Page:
While you might be perfectly content to window shop, there’s a place on Mercaderes that warrants your attention. Looking somewhat like a vintage pharmacists workshop, Habana 1791 is an old school perfumery where you can have a fragrance custom made based upon your preferences. You can get a scent that is unique in every sense of the word, and if you’re unsure about which combination of fragrances best reflect your personality, the staff will be able to help you based upon a few questions designed to find out what kind of person you are (you probably didn’t expect to have your psyche analysed while you were out shopping, but nevermind).

Your finished perfume is then put into a handmade bottle and sealed, and then you have benefitted from one of the most original experiences when it comes to shopping in Havana. And all you need to do is take a whiff from the bottle when you want to remember the city.

It’s Time to Go Book Shopping in Havana

English language books are not all that common in Havana, but you might want to pick up something in Spanish as a memento to your time in the Cuban capital. Head to the antique book market that can be found on the Plaza de Armas in Havana’s Old Town.

You’re unlikely to be interested in the multiple Spanish language historical and political books on offer, so you might want to opt for something lighter to remember your time in Havana. There are quite a few art books for sale, for which an understanding of the Spanish language is not necessary. Much like the street market on Calle 23, you can feel free to bargain when you shop at the Plaza de Armas book market. It’s all part of the fun.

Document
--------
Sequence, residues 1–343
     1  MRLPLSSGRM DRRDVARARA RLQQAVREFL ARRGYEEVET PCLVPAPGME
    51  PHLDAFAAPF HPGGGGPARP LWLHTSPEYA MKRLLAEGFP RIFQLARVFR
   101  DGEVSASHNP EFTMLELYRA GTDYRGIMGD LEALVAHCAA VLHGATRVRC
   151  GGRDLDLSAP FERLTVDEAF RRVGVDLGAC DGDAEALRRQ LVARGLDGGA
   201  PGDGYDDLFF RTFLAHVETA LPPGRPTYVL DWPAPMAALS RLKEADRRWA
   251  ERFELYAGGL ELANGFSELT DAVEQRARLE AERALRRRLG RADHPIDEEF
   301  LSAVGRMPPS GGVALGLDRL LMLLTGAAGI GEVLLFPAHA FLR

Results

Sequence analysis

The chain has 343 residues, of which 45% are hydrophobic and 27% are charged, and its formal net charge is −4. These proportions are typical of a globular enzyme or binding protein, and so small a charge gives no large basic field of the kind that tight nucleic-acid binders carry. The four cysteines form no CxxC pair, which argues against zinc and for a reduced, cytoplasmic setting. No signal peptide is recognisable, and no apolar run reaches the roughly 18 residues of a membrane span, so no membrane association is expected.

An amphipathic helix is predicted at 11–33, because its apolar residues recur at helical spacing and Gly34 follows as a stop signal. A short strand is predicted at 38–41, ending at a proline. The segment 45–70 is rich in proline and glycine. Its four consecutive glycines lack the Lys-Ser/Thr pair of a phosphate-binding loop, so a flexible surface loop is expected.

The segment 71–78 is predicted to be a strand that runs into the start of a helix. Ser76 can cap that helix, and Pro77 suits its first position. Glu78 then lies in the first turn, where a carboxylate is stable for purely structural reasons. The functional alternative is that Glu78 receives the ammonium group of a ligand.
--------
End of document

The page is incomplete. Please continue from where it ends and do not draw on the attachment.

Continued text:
Cuban Music and Movies

You can find yourself shopping in Havana at rather unexpected times. When you hear a band play in a bar or club, it’s quite usual for them to sell CDs afterwards. If you liked the music, then of course you can grab their CD as a souvenir. For a better selection of Cuban music (and Cuban movies on DVD, some of which have English subtitles), you need to go to ARTex. This is the retail branch of the government organisation that promotes Cuban arts, with a fairly wide choice of music and movies. The best branches in Havana can be found in Vedado (on Calle 3) and in Miramar (on Calle 23, just along from the street market).

Those Famous Cigars

You’ll probably want to pick up a few Cuban cigars to take home, even if you don’t smoke since they make rather nifty gifts. You won’t have to look hard to find a cigar store (they are literally everywhere), but a word of warning when buying cigars. Only buy them from an actual store. You might be approached on the street and offered some suspiciously inexpensive cigars. These are poor quality counterfeit products and need to be avoided, since buying them is not actually legal.

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Daniel Stretton

About Daniel Stretton

Dan is one of the Founders of the Havana Tour Company, along with Romey Chuit who is a Cuban national. A keen traveller, Dan Stretton instantly fell in love with Cuba when visiting for the first time. Despite countless salsa lessons, Dan still struggles to dance like a Cuban (or dance at all for that matter). He has however picked up how to make a scrumptious mojito! Dan is also a keen photographer, looking to capture the heart and soul of the real Cuba and the tours he has helped to create.